Online automotive marketplace E Automotive Inc. announced its voluntary delisting from the TSX earlier this year, while private equity giant Thoma Bravo bought Magnet Forensics Inc. for $1.8-billion at $44.25 a share in April, well above its $17 a share IPO price in 2021. That deal materialized after Thoma outbid the Waterloo company for another cyber-investigations software company, then subsequently offered to buy Magnet as well and merge the two businesses under the Canadian company’s leaders Adam Belsher and Jad Saliba, rolling some of their shares and those of chairman Jim Balsillie into the merged company.
- Sean Silcoff
U.S. energy major Exxon Mobil (XOM-N) increased 1.1 per cent after it said on Monday it plans to start producing lithium by 2027 in Arkansas, amid growing demand for the metal used in electric vehicle batteries.
Exxon’s expansion into the sector comes as emerging technologies aim to boost global production of the ultralight metal by filtering it from salty brine deposits found across the globe and supplying it to battery makers eager for fresh sources.
The company had acquired the rights to 120,000 gross acres of the Smackover formation in southern Arkansas earlier this year.
Exxon, which invented the rechargeable lithium-ion battery in the 1970s, but stepped away from the technology, said the product offer will be branded as Mobil Lithium.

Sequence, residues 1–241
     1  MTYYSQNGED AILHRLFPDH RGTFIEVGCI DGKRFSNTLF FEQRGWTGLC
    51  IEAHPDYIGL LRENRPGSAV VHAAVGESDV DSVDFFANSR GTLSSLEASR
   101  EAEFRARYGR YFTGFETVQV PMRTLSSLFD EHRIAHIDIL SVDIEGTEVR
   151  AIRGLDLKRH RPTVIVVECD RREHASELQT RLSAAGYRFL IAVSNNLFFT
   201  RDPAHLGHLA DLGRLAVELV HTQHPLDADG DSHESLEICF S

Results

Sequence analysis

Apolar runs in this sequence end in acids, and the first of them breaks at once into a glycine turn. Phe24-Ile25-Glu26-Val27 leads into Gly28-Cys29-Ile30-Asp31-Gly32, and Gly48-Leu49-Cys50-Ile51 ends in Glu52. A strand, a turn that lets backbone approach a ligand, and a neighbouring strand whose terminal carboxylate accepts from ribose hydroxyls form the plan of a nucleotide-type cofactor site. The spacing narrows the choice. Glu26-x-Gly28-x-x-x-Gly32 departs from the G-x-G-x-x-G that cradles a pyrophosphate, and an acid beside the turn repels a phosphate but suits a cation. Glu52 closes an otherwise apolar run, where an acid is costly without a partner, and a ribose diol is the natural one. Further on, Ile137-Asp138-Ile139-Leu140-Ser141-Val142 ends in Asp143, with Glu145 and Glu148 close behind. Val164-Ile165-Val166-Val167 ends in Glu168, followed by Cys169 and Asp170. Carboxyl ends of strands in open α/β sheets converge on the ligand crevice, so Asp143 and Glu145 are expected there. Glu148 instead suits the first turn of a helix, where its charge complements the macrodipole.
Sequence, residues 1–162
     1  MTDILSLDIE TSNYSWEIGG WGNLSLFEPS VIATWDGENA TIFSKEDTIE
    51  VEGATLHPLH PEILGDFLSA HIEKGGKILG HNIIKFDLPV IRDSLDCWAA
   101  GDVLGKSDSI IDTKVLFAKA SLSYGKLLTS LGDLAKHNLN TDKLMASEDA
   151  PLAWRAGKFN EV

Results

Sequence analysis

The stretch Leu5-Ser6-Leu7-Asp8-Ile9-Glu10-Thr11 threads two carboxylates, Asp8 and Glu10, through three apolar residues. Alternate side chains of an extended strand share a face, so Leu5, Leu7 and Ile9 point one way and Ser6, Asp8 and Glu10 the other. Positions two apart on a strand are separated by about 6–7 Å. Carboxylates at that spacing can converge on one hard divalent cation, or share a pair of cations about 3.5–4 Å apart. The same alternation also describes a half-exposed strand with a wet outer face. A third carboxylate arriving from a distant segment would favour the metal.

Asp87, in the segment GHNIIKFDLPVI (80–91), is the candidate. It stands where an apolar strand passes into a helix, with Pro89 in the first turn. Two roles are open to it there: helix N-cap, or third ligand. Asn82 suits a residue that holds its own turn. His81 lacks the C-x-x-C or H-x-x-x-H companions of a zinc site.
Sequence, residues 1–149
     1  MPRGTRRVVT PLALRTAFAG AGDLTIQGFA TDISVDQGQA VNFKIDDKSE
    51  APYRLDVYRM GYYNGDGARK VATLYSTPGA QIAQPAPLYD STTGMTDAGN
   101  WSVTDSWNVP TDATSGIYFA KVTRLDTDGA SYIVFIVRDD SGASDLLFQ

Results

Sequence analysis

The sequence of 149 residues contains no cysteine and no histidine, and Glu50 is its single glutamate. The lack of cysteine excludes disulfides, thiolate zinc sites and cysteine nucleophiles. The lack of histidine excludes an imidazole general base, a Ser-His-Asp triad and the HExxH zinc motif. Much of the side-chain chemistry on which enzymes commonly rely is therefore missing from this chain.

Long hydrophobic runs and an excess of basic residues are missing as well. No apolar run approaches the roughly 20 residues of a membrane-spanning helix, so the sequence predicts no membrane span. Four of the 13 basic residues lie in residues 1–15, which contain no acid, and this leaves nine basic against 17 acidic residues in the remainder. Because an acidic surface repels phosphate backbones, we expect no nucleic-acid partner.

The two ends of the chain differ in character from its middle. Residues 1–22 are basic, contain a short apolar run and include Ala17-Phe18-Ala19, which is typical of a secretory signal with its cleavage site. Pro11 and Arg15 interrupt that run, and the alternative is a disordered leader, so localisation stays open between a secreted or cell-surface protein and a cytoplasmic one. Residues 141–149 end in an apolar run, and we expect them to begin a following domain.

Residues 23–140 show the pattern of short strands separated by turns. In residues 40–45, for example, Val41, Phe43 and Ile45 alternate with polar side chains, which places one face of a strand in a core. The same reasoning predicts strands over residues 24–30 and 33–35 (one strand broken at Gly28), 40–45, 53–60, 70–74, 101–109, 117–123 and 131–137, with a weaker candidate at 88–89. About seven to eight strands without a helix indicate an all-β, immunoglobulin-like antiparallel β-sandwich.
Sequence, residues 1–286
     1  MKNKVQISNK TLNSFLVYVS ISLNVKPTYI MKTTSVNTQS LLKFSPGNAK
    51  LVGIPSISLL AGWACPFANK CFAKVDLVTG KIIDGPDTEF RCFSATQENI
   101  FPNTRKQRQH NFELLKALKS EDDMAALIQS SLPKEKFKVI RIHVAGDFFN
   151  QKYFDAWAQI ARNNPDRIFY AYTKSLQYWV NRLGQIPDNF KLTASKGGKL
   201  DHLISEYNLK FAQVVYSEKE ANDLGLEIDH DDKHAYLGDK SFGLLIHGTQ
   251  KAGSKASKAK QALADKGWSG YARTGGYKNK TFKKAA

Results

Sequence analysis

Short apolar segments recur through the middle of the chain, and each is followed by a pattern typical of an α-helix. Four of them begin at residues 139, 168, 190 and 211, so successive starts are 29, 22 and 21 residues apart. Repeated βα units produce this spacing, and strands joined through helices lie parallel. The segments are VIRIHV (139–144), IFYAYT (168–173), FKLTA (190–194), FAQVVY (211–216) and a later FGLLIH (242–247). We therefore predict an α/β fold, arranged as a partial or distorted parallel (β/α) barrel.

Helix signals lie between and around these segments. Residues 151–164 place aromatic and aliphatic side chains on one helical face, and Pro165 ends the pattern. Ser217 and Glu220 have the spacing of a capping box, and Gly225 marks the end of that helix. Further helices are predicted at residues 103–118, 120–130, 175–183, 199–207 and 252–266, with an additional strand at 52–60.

Exxon said it would use conventional oil and gas drilling methods to access lithium-rich saltwater from reservoirs about 10,000 feet underground and then use direct lithium extraction (DLE) technology to separate lithium from the saltwater.
The company has also been testing unproven DLE technology that will be crucial for commercial operations, according to a source cited in the report.
Boeing Co. (BA-N) gained on Monday after a report said China was considering ending its freeze on purchases of the planemaker’s best-selling 737 MAX aircraft after more than four years.
This, coupled with bumper jet orders from Middle Eastern airlines at the Dubai Airshow, sent Boeing shares up 4 per cent. Supplier Spirit Aerosystems (SPR-N) also rose 2 per cent.
China is considering resuming purchases of Boeing’s 737 MAX aircraft when the U.S. and Chinese presidents meet this week at the APEC summit, Bloomberg News reported on Sunday, citing people familiar with the matter.
The resumption of 737 orders from China would be meaningful to Boeing’s bottom line over the next six to 18 months, said Thomas Hayes, chairman of hedge fund Great Hill Capital.
Deliveries of Boeing’s bestselling 737 MAX to Chinese airlines were halted following two deadly crashes.
Boeing also secured orders for 125 widebody jets worth more than $50 billion from Emirates and its sister airline flydubai at the opening of the Dubai Airshow on Monday.
Demand for the industry’s biggest jets that dominated the region’s airports is humming after a prolonged cyclical downturn followed by the damaging effect of COVID-19 on long-haul travel.
Carriers have been placing orders with urgency as planemakers’ backlogs have grown and as jet deliveries have been pushed out toward the end of the decade.